Antibiotic Overkill and Your Dog

by Mary Haight on August 3, 2009

Angel Eyes, a product administered daily to dogs and cats (especially the white coated) who have eye tearing that stains their faces, contains antibiotics.  Call me crazy, but hasn’t there been a global push to stop excessive/routine use of antibiotics to relieve the problem of bacterial resistance to antibiotics for many years now?  Doctors have even voiced their opposition to the sale and overuse of antibacterial agents instead of soap. Every time we turn around it seems we are creating superbugs and mutating diseases.  Now we are inflicting these problems on our dogs, perhaps unknowingly, with products like Angel Eyes.

Dr. Patricia Khuly brought up this product and the topic on Dolittler, a vet blog.  She points out that flowing tears on a dog means something medically.  Treating symptoms, and with an antibiotic without benefit of a diagnosis and prescription from a vet should be criminal. But it isn’t.  Why?  Because Angel Eyes is described by its maker as a “supplement”, and we know supplements are unregulated. In her own words:

Never mind that tears can run down faces because eyes are misshapen. Never mind that the presence of excessive lacrimation is often evidence of disease. We have a cure for what ails you, suggests Angel Eyes, the look of sickliness is all but erased by our magic pixie dust.

God forbid we should actually explore the problem behind excessive tearing and its indelible staining…lest we find that our pets are afflicted by the genetic anomalies, ophthalmic diseases and/or poor hygiene that too often lead to a feline and canine “raccoon-eyed” appearance.

But the worst part is NOT that Angel Eyes is a quick fix to a basic problem of poor ocular conformation or a variety of other ophthalmic diseases. And it’s NOT that the presence of a product like Angel Eyes allows for breeders of Maltese dogs and Persian cats, among others, to continue to breed for unhealthy deformities and disease.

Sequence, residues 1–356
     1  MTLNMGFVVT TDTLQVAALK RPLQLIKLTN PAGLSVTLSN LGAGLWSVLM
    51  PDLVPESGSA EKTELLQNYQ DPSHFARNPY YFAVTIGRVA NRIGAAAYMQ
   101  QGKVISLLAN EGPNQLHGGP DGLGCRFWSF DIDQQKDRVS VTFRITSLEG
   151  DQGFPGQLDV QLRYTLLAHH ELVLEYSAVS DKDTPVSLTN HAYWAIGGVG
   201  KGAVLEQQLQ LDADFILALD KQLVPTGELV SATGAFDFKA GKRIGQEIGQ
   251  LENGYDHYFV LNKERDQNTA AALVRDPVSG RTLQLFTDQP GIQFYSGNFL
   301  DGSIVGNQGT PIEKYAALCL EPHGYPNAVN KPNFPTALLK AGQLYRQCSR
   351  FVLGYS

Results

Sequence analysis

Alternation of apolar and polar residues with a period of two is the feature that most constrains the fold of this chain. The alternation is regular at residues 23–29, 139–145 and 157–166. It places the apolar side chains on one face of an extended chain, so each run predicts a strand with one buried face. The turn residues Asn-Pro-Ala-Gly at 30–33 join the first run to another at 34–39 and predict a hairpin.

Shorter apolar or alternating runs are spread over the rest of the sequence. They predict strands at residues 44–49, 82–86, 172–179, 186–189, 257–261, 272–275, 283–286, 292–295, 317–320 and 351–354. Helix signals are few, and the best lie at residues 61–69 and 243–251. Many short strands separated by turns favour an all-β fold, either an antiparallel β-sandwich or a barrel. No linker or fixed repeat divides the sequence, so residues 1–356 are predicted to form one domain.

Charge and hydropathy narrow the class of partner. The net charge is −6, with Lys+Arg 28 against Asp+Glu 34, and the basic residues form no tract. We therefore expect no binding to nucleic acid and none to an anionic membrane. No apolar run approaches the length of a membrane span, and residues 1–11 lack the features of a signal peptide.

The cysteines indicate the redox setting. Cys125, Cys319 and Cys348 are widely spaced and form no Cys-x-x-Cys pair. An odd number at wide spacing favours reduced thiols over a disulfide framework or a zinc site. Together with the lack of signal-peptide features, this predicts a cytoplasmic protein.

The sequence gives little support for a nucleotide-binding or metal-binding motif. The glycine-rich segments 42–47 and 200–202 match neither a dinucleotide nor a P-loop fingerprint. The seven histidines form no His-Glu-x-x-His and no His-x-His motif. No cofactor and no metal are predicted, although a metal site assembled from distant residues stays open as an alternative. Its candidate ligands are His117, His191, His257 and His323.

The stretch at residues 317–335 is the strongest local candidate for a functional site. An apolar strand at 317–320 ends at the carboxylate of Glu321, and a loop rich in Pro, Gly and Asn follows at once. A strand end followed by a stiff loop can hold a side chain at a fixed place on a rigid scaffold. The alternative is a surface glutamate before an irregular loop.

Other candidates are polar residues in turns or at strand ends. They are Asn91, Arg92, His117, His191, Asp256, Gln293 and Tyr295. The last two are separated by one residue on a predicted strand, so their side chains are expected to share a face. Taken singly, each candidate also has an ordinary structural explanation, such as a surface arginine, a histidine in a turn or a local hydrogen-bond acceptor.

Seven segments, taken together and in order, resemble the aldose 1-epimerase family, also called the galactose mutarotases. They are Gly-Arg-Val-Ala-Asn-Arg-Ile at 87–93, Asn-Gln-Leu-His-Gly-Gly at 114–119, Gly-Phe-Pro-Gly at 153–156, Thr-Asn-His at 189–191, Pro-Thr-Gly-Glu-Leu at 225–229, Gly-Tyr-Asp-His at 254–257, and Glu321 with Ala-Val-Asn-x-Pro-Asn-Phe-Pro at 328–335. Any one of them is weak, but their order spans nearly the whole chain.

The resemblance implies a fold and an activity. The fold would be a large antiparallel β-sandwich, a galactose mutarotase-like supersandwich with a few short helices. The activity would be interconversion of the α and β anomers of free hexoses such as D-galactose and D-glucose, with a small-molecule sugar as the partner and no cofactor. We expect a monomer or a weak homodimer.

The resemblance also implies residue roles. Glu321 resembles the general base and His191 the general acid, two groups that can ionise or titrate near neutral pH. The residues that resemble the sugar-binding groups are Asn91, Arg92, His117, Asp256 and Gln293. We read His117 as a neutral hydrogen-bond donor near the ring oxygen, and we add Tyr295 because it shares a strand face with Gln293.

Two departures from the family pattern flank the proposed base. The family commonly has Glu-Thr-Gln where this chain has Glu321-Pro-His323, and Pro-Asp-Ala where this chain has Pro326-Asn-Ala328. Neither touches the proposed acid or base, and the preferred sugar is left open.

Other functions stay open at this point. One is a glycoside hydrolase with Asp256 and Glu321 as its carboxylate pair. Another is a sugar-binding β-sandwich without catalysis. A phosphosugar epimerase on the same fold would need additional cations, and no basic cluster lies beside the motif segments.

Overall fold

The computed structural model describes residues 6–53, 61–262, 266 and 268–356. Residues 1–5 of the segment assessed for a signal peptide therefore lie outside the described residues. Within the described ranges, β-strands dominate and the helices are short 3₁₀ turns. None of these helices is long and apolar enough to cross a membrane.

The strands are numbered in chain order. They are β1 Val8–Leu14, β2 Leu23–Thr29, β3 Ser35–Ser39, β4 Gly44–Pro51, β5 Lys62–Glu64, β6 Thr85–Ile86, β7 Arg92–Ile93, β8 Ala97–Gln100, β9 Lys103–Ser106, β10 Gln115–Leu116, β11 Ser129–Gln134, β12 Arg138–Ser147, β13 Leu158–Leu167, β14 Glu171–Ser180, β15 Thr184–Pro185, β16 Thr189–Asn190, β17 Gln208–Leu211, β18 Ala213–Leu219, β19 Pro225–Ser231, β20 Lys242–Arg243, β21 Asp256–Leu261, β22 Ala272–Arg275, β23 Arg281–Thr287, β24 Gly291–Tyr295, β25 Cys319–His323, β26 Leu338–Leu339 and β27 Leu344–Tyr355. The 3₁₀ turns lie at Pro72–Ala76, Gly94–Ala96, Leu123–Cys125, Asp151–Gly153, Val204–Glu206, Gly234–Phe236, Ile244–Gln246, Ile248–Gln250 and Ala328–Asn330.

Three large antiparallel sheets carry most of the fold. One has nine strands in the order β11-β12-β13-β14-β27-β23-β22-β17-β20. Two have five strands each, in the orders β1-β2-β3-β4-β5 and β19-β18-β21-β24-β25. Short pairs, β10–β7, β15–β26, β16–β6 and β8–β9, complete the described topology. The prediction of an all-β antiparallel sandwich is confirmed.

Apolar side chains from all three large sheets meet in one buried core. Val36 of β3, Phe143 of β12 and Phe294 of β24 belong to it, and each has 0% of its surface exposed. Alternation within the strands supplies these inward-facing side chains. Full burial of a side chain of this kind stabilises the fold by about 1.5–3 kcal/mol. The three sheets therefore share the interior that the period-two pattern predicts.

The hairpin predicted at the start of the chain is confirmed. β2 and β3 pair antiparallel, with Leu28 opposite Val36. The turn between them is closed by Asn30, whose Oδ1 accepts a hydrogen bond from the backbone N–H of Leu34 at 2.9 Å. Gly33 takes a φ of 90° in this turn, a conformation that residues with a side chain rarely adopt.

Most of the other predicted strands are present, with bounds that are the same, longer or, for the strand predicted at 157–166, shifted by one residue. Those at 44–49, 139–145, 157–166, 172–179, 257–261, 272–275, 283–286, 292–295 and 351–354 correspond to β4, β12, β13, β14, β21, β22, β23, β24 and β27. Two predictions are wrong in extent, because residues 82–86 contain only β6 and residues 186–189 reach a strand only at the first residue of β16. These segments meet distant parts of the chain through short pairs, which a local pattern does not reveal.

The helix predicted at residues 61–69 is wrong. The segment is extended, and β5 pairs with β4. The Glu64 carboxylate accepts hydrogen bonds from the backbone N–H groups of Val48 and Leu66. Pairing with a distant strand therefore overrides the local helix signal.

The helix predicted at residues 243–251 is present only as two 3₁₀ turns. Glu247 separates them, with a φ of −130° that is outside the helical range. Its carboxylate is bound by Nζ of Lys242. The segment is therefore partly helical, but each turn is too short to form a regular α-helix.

The real problem? Most users of Angel Eyes have no idea what they’re offering their pets by way of aesthetic maintenance.

The next time you take your pet to the vet, if they don’t ask, tell them about all the different products and supplements you are giving your dog and/or cat.  That way they know what questions to ask, and you’ll be sure about your furry one’s true state of health.

Never mind that tears can run down faces because eyes are misshapen. Never mind that the presence of excessive lacrimation is often evidence of disease. We have a cure for what ails you, suggests Angel Eyes, the look of sickliness is all but erased by our magic pixie dust.

God forbid we should actually explore the problem behind excessive tearing and its indelible staining…lest we find that our pets are afflicted by the genetic anomalies, ophthalmic diseases and/or poor hygiene that too often lead to a feline and canine “raccoon-eyed” appearance.

But the worst part is NOT that Angel Eyes is a quick fix to a basic problem of poor ocular conformation or a variety of other ophthalmic diseases. And it’s NOT that the presence of a product like Angel Eyes allows for breeders of Maltese dogs and Persian cats, among others, to continue to breed for unhealthy deformities and disease.

The real problem? Most users of Angel Eyes have no idea what they’re offering their pets by way of aesthetic maintenance.

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6 comments
Texas Rancher
Texas Rancher

I did read it.  But I read the "actual" FDA news release on what is a strictly volunteer program.  The press release you posted is from the OTC, Organic Trade Association, Ben and jerry would be the OTC's biggest fan.  This is similar to Dr. Patty.  I read what she actually said, as opposed to what you reported  she said.

Texas Rancher
Texas Rancher